Moore, who matured in tandem with this crisis, has since then taken up the defense of all things po-mo. When he discovered Theroux in 1981, “I assumed he was a recruit to the U.S. fiction vanguard of the time – Barth, Barthelme, Coover, Davenport, Gaddis, Gass, Mathews, McElroy, Pynchon, Sorrentino”, but this was premature. In Moore’s mind, in spite of his “ornate style and manipulation of literary forms”, it’s a mistake to group him with them since “the underlying conservatism of his work and his preference for linear storytelling make this an awkward grouping.” At the same time it’s hard to fit him in with the alternative since “that same style, formalist concerns, and general excessiveness disqualify him from the ranks of more traditional novelists like Bellow and Updike”. Moore’s solution is to create a vaporous third category, “literary outsiders like Frederick Rolfe (‘Baron Corvo’), Ronald Firbank, and Djuna Barnes, whose work has little in common with that of their contemporaries and which instead amalgamate curious byways of literary tradition and eccentric genius into something unique.” This is not very “operative”, as they say in lit crit: Nabokov was politically conservative, but no one denies him his position as po-mo primus inter pares; JD Salinger was an outsider and The Catcher in the Rye is a hopelessly bland 19th-century realist novel. An ornate style hardly exists in Barth and Coover, it’s certainly nowhere in Mulligan Stew. At the same time it’s simplistic to say there are no traces of tradition in po-mos: what else was Barth doing but using tradition when he modelled The Sot-Weed Factor after Henry Fielding’s novels?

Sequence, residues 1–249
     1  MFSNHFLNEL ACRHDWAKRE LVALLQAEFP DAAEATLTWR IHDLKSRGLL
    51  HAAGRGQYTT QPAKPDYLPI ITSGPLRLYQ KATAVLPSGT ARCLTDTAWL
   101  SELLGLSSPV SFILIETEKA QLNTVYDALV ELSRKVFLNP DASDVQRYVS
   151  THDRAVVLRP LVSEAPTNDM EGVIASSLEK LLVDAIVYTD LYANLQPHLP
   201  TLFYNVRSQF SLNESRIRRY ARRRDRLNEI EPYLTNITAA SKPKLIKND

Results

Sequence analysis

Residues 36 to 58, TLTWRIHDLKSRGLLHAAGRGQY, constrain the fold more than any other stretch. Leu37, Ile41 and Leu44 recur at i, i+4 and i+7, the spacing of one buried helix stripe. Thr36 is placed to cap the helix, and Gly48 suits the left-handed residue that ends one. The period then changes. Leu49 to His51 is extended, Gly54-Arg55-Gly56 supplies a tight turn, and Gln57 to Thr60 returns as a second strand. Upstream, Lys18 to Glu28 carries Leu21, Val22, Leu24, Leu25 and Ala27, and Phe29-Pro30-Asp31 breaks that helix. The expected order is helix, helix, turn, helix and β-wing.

Actually, it’s pretty hard to pinpoint what po-mo is exactly: Ihab Hassan once made a longish list of nouns hoping perhaps that they’d gain self-awareness through the miracle of simplexity and hand him meaning on a plate. It’s got stuff like: “Anarchy”, certainly not a noun I’d associate with Nabokov or Gass’s masterful control of the text; “Exhaustion/Silence”, showing that he had trouble with a paradigm that included such verbal antipodes as Beckett and…. well, anyone who wasn’t Beckett, I guess; “Rhetoric”, because Finnegans Wake is lisible compared to The Voyeur; “Anti-Narrative/Petite Histoire”, as opposed to Modernism’s “Narrative/Grande Histoire”, I mean, just look at all the grand history taking place on 16 June, 1904, oblivious to World War I, George Steiner was still inconsolable 60 years later, meanwhile Terra Nostra is a laborious 900-page feverish interpretation of one of the most cataclysmic events in history, the meeting of Europeans and Amerindians.